CEDIA Serves Movies To Custom Integrators
With the physical video disc business in decline, last week’s CEDIA Expo 2019 in Denver offered a look at the advancements of several alternative systems for bringing digital movies and television programs to the home with convenience, ease and high-quality performance.
Instead of relying on Blu-ray or Ultra HD Blu-ray Disc players, these systems and services are centered on hard-drive equipped entertainment servers capable of storage and playing hundreds or even thousands of some of the latest home video releases, and in one case, even day-and-date box office releases.
With its focus on custom-installed electronics, CEDIA provided the perfect audience for these companies, whose offerings are targeted at higher-end customers looking for the lastest and greatest in home video.
The following is a glance at what three home entertainment server companies currently have to offer serious movie lovers with the best gear:
Red Carpet Home Cinema
Red Carpet Home Cinema, is a new startup founded by former Ticketmaster CEO Fred Rosen and film distributor Dan Fellman. The company made its first formal appearance at CEDIA Expo 2019 to recruit custom installers to help push its pricey day-and-date video download movie rental service to well-heeled clients.
The service is offering major home theater buffs the chance to rent and view Hollywood movie releases at home the same day as their box office releases. For the unusual pleasure of doing so, Red Carpet “subscribers” will need to shell out $15,000 for a media server, to which digital versions of movies are downloaded for playback on connected home big screens.
Subscribers will have a credit card limit of at least $50,000, and will need to pass a rigid vetting process and sign legal agreements with copy right holders not to engage in piracy actives and other stipulations.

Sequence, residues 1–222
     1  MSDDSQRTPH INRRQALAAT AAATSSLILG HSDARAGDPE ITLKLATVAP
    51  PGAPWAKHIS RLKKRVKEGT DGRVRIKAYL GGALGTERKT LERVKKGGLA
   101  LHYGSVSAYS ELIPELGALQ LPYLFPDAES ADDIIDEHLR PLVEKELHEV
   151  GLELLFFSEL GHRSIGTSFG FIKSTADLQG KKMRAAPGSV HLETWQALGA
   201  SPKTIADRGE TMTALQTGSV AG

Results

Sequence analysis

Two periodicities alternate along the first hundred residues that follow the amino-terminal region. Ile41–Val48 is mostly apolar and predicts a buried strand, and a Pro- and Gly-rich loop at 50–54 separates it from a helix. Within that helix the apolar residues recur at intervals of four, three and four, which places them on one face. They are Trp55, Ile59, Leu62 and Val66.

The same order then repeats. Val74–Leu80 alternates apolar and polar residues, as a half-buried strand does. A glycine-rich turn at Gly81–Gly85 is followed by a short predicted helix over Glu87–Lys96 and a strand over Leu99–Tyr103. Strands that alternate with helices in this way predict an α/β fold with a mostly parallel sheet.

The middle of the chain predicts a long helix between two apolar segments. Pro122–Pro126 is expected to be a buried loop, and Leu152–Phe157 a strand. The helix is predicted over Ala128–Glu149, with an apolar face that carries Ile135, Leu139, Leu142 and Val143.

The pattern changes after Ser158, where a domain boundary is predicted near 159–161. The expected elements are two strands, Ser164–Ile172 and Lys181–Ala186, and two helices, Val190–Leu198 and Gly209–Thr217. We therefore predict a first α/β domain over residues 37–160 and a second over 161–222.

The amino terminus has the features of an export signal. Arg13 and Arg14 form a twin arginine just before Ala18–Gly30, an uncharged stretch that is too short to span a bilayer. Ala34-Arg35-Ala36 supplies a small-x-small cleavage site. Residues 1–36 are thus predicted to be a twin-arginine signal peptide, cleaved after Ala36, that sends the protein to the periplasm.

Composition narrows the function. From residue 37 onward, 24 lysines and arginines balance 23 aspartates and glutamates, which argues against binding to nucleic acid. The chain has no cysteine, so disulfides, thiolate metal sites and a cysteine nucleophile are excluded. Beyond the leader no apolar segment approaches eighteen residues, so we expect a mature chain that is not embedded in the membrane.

On top of that, subscribers will need to put up between $500 and $3,000 per title to watch first-run movies own home. Viewers will have the opportunity to watch their rented movies twice over in a 36-hour period, after which the title is deleted from the server.
Also, don’t expect to watch these movies in 4K resolution or HDR. Because they are being released day-and-date from the studios, they will not be in Ultra HD Blu-ray or even 4K streaming form, meaing they will not have been edited, graded and prepared for typical home market release. Movies will be offered in Full HD 1080p without HDR, wide color gamut or other enhancement, just as they come from the studio.
Participating studios include Warner Bros., Paramount, Lionsgate, and 20th Century Fox, which have agreed to distribute their movies to the company.
However, Studios including Universal, Sony Pictures, and Disney (other than its Fox acquistion) have not yet to signed on with the company.
Obviously, Red Carpet Home Video isn’t positioning this service for the mainstream. Only well-to-do hardcore movie enthusiasts who enjoy having bragging rights to seeing the latest blockbusters at home are expected to be interested. But these customers fall into demographic serviced by custom home electronics installers and integrators. Naturally, Red Carpet wants to tap the channel to push its product and service to home theater customers with high-performance systems that would benefit with such “luxury” fare.
Rosen has predicted that his service could garner up to $300 million in annual revenue with fewer than 4,000 subscribers.
Red Carpet expects to have a revolving library of about 40 rental movie releases per year. The service will not provide access to older or legacy titles — day-and-date releases only.
At the show, the France-based Zappiti showcased its new flagship Pro 4K HDR media server which is billed as one of the first servers of its kind to earn Imaging Science Foundation (ISF) certification. The system is said to produce one of the purest levels of signal output available in the cateogry.
The Windows-based unit, which retails for $3,500 (hard drives are added on), connects with one of the company’s Zappiti media players connected through a giga-network to serve large catalog s of video content from internal storage. The system is said to seamlessly decode and present all of the popular audio and video codecs.
The server and connected player system leverages an intuitive user interface, high-performance picture and sound quality and support for advanced audio and video formats including: Dolby Atmos, DTS:X, 4K HDR, parental control, and IP control through a wide range of control systems. The system also includes the company’s proprietary MagicPixel v2.5 technology, which is said to enable each frame of video to be deeply analyzed, entirely cleaned and rebuilt for “picture-perfect rendering of the original cinematic performance.”